Well, ignoring the fact that the largest contributors to greenhouse gases are all in the stratosphere, inert gases can make it all the way to the ozone, because they don't react with anything and only when they react with something do their weights actually change comparatively. But you are correct, they do keep adding "blankets" to the atmosphere. But the problem is that it's not likely to be the gases we release that tipped the climate change, but the energy near the glaciers that did.
What is happening is the energy from the sun would shine on the light side heating it up. Then at night the heat would radiate back into space. Greenhouse gas traps the heat so not as much can radiate back out into space, it doesn't matter where its position in the atmosphere is really, only that it traps the thermal energy.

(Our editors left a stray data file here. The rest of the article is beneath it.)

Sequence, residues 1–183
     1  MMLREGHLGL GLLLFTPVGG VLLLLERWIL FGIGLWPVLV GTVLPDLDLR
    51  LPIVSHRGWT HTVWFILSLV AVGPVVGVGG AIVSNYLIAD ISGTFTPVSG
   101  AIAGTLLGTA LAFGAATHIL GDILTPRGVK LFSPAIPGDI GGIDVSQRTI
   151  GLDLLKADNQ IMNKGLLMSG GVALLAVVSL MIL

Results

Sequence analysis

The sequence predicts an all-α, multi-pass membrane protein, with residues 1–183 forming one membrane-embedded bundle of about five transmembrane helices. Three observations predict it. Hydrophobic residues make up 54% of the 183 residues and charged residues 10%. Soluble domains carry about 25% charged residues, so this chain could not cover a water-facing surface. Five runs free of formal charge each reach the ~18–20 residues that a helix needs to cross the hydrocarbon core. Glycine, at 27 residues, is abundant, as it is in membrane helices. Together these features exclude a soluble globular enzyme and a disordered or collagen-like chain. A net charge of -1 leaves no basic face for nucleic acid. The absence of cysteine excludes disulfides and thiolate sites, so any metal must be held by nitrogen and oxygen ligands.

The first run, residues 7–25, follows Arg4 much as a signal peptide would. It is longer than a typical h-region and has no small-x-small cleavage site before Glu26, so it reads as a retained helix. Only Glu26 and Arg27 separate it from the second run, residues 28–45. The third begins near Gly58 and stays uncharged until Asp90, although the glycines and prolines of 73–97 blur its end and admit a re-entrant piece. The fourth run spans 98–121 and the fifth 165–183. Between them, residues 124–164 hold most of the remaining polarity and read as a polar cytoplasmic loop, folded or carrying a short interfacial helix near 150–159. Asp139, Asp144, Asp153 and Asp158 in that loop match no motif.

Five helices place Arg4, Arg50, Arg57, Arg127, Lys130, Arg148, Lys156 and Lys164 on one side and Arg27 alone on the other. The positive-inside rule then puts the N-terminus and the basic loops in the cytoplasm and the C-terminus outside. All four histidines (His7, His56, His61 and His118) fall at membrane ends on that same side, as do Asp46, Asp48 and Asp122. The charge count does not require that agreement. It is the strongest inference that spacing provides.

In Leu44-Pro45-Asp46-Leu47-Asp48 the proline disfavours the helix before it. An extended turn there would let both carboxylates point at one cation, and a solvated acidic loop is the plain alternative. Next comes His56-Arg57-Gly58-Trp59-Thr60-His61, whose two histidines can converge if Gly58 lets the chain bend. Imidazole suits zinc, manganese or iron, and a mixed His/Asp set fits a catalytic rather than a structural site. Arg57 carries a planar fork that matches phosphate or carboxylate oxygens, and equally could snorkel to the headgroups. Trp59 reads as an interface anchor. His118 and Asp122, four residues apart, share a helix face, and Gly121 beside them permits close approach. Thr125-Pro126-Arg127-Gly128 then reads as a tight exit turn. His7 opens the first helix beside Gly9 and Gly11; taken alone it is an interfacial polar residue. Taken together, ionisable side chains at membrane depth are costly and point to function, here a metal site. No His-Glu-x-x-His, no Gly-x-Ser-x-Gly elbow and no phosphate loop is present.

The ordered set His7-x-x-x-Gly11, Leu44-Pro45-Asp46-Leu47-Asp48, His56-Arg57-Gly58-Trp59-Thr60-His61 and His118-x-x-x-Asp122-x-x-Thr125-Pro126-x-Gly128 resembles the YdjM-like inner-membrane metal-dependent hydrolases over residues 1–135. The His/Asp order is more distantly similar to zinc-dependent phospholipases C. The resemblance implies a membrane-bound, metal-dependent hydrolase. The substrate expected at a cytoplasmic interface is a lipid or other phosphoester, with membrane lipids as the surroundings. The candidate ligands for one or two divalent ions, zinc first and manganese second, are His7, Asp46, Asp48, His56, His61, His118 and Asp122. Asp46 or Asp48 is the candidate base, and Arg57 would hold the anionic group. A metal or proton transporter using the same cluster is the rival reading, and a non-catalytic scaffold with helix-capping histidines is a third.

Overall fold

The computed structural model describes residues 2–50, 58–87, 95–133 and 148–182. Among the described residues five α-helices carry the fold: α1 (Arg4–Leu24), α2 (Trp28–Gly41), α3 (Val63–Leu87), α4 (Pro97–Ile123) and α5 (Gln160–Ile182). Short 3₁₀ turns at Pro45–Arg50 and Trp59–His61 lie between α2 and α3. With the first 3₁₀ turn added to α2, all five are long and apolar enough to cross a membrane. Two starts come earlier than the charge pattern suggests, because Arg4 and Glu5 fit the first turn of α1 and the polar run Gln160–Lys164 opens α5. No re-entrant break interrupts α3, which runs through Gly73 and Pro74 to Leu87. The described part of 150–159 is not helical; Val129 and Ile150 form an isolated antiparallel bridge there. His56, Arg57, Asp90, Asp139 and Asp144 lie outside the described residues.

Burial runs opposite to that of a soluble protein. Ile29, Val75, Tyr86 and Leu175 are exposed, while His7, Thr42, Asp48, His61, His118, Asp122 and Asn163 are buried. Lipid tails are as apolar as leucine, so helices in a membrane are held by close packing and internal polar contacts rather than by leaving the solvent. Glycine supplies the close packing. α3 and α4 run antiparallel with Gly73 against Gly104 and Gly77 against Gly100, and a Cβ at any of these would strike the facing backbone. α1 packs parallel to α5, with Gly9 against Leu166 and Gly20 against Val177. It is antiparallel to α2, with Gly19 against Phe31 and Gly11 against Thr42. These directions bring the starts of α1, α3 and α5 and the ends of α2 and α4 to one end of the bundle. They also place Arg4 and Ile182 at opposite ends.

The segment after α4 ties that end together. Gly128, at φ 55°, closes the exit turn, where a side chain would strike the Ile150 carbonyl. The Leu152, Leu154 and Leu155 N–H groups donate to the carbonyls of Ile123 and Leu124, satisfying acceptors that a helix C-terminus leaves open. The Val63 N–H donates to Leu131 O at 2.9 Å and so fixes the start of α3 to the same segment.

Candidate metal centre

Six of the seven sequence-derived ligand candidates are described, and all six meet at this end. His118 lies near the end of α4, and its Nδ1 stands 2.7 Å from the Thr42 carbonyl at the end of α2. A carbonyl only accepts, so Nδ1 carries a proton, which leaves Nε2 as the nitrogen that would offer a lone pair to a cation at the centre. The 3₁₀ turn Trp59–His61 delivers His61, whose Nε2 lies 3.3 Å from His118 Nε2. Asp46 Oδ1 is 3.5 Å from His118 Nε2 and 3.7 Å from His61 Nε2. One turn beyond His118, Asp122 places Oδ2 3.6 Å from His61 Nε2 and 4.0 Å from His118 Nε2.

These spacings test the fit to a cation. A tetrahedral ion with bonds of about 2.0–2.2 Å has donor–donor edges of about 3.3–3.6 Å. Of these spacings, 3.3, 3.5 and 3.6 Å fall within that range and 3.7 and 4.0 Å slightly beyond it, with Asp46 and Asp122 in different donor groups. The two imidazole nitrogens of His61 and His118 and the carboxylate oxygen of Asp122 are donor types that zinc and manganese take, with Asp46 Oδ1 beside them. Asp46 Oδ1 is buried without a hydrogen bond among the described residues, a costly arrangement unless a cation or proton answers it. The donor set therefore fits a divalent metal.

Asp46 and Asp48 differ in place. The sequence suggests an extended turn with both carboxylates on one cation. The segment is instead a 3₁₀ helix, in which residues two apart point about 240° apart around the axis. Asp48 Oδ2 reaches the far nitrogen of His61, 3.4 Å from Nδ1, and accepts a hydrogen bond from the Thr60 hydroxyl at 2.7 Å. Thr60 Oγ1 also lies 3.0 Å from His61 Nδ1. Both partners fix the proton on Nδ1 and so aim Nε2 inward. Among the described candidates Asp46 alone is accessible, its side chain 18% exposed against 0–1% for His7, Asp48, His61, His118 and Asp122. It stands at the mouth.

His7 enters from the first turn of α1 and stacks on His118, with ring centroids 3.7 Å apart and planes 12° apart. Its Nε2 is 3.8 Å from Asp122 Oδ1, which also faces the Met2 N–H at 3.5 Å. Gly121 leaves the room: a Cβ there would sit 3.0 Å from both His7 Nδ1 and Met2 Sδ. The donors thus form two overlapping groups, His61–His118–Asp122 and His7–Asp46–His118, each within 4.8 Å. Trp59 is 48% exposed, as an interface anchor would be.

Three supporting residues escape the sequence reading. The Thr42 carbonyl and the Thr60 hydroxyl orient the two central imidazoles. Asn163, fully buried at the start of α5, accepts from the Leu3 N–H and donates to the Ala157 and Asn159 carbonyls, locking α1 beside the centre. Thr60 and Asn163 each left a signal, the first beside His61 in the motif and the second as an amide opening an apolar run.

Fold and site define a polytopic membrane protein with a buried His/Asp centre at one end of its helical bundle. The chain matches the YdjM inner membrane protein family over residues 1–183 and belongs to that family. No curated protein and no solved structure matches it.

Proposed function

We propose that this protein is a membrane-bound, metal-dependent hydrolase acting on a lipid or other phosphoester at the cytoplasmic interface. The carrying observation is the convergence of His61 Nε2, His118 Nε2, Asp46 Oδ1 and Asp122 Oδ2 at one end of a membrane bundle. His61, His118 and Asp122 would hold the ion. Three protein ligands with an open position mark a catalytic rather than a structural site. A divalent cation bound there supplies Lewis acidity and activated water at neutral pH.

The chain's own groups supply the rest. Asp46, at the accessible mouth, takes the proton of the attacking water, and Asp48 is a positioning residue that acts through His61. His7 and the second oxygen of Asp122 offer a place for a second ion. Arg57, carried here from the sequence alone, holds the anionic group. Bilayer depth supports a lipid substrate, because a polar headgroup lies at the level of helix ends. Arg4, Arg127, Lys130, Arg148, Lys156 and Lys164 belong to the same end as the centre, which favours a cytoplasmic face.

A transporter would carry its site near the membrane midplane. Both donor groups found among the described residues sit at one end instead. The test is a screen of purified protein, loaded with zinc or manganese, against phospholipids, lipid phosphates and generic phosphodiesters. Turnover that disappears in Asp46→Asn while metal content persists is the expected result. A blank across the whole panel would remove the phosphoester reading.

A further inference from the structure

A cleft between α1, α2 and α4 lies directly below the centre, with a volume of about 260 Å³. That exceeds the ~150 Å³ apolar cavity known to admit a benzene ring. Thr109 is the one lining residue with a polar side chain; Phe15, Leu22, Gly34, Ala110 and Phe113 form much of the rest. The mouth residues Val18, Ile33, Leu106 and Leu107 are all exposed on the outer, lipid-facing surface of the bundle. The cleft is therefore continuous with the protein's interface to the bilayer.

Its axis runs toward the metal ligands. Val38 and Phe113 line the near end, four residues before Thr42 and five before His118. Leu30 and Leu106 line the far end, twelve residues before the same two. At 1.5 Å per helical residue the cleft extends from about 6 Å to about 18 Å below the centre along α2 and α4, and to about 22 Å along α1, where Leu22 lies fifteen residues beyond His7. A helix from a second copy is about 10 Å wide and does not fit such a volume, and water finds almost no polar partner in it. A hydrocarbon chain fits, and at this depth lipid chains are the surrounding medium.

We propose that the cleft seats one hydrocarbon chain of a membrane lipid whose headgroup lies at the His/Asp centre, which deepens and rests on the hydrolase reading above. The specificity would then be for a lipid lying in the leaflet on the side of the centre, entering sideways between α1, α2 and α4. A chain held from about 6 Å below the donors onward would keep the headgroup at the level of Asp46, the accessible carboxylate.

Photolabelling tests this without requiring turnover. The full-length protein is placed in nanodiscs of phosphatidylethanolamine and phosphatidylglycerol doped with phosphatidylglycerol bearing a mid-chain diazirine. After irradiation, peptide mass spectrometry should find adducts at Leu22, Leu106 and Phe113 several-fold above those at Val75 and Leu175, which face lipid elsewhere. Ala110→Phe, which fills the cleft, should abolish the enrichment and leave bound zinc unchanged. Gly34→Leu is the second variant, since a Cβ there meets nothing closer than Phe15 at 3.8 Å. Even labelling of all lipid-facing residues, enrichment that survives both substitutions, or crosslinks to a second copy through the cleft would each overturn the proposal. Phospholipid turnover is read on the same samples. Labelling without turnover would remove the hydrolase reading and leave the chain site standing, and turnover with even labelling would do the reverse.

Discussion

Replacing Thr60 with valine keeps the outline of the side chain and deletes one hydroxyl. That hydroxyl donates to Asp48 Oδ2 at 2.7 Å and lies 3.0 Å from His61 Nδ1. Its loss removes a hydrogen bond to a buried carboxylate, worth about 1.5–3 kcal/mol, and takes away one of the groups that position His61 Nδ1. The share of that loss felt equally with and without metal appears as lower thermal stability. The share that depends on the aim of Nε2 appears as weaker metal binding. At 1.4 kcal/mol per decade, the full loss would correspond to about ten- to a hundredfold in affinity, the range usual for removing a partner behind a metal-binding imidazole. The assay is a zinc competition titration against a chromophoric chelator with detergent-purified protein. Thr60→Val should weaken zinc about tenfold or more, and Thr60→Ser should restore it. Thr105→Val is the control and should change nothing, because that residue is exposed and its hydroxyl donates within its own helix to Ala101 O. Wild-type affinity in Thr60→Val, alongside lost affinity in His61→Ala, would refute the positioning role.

The Oceans adsorbed this extra energy for so long because it's like a giant heat sink, but is gradually causing it's temperature to rise. So it is energy in the Ocean but its spread out by the currents . It is natural for the Oceans to absorb some heat and spread it around but when the overall temperature rises, it causes glacial melt.
I think they say it is 1-2 C above nominal and climbing.
When it reaches or by the time it reaches 6 C above normal we will have a complete glacial melting and the oceans will rise by as much as six feet or more. This would be disastrous to places like Manhattan, New Orleans and Venice etc.
But we have found a worse problem than the man made parts.
Frozen methane at the bottom of the ocean. Its a worse greenhouse gas than carbon monoxide,and it is starting to melt at the bottom of the sea. We may not have glaciers much longer.